A boys' night out in London traditionally leads to blood-red eyes and a splitting headache the morning after. But for footballers John Terry, Jody Morris and Desmond Byrne, the fallout from a Jan. 3 booze-up has been far more enduring than a hangover: after a disturbance in a London club that included an alleged attack on its doorman, the three players were arrested and charged with affray and assault causing actual bodily harm. Last Wednesday, after pleading not guilty to the charges in a London magistrate's court, they were remanded on bail to face committal proceedings next month.
Media attention has focused on Terry, 21, and Morris, 23, not least because they play for the high-profile London club Chelsea (Byrne turns out for lowly Wimbledon) and have previously broken club rules that attempt to restrict the players' drinking and behavior. do you want to be a drunk or a footballer? screamed the Mirror. Indeed, a series of negative headlines involving footballers over recent months including the retrial of Leeds United stars Jonathan Woodgate and Lee Bowyer, in which Woodgate was found guilty of affray suggests a disturbing trend of players behaving badly. It also questions the ability of the game's authorities to control some of the world's best-paid athletes.
English football is no stranger to errant behavior, but much of it has traditionally come from fans, rather than players. For decades the game has been dogged by the dark shadow of hooliganism, a plague so closely associated with the game's founding country that it is known as the English disease. (An ugly reminder of that malady came on Jan. 6, when police fought fans after a match between Cardiff City and Leeds United; 12 arrests have thus far ensued.) Aggression is such a part of the game that the Football League was recently obliged to consider a code of conduct for club mascots, after a series of altercations involving people clad in woolly animal suits.
Now, sports and social commentators say, it's the players who are getting out of hand. Many see a direct connection between their off-field antics and their ballooning salaries; even Terry and Morris each make a reported $22,000 a week. "As pay rates have reached rock-'n'-roll levels," says Rogan Taylor, head of the Football Research Unit at the University of Liverpool, "we should be surprised that there isn't more rock-'n'-roll- type behavior." It doesn't help that the game's authorities the clubs and the Football Association take contradictory stances when trouble arises. The clubs, perhaps because of the vast commercial considerations in modern football, tend to be lenient.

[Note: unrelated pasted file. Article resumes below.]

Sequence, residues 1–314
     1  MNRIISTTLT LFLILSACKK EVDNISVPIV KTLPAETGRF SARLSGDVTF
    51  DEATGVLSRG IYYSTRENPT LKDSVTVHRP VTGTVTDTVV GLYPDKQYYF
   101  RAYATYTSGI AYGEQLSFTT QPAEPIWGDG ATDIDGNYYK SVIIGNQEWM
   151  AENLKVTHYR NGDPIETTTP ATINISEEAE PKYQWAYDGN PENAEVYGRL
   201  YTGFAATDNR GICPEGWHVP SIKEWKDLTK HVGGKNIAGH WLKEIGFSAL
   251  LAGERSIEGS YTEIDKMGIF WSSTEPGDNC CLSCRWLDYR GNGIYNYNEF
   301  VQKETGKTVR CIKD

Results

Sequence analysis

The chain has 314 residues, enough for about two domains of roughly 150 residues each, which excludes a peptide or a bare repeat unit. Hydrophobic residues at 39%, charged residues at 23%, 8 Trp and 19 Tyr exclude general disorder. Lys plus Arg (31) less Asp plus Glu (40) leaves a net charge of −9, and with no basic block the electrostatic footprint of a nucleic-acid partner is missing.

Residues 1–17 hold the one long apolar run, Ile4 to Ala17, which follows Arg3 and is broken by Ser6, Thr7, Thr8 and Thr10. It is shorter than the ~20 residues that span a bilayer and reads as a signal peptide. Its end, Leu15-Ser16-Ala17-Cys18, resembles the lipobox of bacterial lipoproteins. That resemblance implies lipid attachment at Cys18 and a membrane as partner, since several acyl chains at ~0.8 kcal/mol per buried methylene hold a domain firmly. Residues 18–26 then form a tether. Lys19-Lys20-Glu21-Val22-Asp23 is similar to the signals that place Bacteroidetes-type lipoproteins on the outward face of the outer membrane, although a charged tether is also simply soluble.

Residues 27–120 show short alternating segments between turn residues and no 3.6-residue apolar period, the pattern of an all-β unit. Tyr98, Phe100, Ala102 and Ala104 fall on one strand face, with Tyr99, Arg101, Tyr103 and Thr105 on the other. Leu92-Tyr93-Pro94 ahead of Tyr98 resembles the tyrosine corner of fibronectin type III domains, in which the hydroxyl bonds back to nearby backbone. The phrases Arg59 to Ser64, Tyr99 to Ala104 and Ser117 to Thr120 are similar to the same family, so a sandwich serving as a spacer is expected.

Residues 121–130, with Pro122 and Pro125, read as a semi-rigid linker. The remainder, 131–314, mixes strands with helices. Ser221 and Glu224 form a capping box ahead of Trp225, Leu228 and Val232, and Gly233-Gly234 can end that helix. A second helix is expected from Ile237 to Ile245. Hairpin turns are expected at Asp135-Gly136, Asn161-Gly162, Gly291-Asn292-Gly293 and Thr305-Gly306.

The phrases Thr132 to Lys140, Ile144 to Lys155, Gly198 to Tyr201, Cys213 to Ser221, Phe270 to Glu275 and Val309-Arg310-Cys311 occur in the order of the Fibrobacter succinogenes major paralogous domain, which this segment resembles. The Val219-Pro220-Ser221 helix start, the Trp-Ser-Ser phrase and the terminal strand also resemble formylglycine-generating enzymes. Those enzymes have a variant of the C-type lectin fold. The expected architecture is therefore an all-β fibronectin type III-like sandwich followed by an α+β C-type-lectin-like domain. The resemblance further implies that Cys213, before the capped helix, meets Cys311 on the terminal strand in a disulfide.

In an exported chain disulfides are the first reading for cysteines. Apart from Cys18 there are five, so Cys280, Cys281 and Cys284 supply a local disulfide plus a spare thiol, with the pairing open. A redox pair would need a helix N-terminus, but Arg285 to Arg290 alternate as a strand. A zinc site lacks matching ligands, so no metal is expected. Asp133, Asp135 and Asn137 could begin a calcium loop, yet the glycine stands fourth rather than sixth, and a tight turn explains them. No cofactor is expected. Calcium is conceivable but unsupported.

Since Chelsea club rules prohibit players from going out drinking within a 48-hour period before a match, Terry and Morris were each fined two weeks' wages the maximum permitted in a standard player contract. This was not the first time the players had violated club rules: Terry and Morris were fined after a drinking spree near Heathrow Airport on Sept. 12, during which they were accused of offending American tourists stranded in the wake of the previous day's terrorist attacks. In the program notes for a game after last Wednesday's court hearing, Chelsea chairman Ken Bates encouraged Terry to "ask himself if he wants to follow the path which is littered with drunks and wrecks of former players or emerge from this episode stronger and better for it." But the boss's moralizing didn't stop Chelsea coach Claudio Ranieri from including both players in his starting lineup for the game. Many coaches in England's Premier League have been criticized for defending players when they misbehave on the field; commentators say this breeds an aggressive nature that spills over into off-pitch conduct.
The F.A. takes a harder line. For most of the past two years, while Bowyer and Woodgate were facing charges in connection with a melee outside a Leeds nightclub that left a young male student scarred for life, the F.A. decreed both players ineligible to represent England; Leeds, however, continued to play them, arguing that they were innocent until proved guilty.
Early this week, the F.A. will announce whether Terry can represent England while legal proceedings against him are under way. The F.A. is also expected, along with the Professional Footballers' Association, to review whether the maximum two-week fine in a standard contract should be raised. "It is time for a much tougher approach to the problems which are dragging the game down," says Gordon Taylor, the boss of the footballers' union, the PFA. Terry and Morris aren't expected to return to court until Feb. 20, but football is already on trial.